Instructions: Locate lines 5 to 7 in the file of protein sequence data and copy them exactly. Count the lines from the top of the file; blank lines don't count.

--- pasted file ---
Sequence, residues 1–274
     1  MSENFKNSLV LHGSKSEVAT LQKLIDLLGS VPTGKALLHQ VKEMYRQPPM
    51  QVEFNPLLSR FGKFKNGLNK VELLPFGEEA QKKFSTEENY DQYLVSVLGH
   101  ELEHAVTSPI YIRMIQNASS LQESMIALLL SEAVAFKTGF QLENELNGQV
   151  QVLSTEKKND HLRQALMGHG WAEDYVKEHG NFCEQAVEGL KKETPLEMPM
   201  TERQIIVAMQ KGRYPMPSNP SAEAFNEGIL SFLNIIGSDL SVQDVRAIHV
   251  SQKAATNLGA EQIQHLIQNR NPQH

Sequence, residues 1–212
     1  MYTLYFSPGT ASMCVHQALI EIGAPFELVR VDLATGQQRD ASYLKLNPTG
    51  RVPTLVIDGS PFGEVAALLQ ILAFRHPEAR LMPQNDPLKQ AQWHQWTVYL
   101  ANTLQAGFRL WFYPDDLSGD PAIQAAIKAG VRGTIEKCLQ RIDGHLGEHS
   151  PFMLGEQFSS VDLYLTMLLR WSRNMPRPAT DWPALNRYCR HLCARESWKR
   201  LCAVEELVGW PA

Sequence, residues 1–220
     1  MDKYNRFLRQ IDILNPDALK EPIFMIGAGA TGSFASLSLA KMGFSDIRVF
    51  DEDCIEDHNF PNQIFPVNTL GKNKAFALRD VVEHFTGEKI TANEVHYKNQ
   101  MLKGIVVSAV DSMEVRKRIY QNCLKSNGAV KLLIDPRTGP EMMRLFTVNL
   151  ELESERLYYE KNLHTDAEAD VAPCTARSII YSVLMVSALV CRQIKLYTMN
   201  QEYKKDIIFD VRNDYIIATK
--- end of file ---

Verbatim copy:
   151  QVLSTEKKND HLRQALMGHG WAEDYVKEHG NFCEQAVEGL KKETPLEMPM
   201  TERQIIVAMQ KGRYPMPSNP SAEAFNEGIL SFLNIIGSDL SVQDVRAIHV
   251  SQKAATNLGA EQIQHLIQNR NPQH